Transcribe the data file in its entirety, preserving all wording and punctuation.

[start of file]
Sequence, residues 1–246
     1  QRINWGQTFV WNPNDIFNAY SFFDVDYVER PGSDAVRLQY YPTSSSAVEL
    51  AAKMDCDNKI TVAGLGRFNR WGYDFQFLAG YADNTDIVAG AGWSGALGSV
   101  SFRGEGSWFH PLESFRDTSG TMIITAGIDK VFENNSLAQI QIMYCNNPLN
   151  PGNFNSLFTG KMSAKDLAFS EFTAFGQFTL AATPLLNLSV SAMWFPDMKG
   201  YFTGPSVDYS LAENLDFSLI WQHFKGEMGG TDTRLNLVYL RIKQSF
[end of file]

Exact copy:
Sequence, residues 1–246
     1  QRINWGQTFV WNPNDIFNAY SFFDVDYVER PGSDAVRLQY YPTSSSAVEL
    51  AAKMDCDNKI TVAGLGRFNR WGYDFQFLAG YADNTDIVAG AGWSGALGSV
   101  SFRGEGSWFH PLESFRDTSG TMIITAGIDK VFENNSLAQI QIMYCNNPLN
   151  PGNFNSLFTG KMSAKDLAFS EFTAFGQFTL AATPLLNLSV SAMWFPDMKG
   201  YFTGPSVDYS LAENLDFSLI WQHFKGEMGG TDTRLNLVYL RIKQSF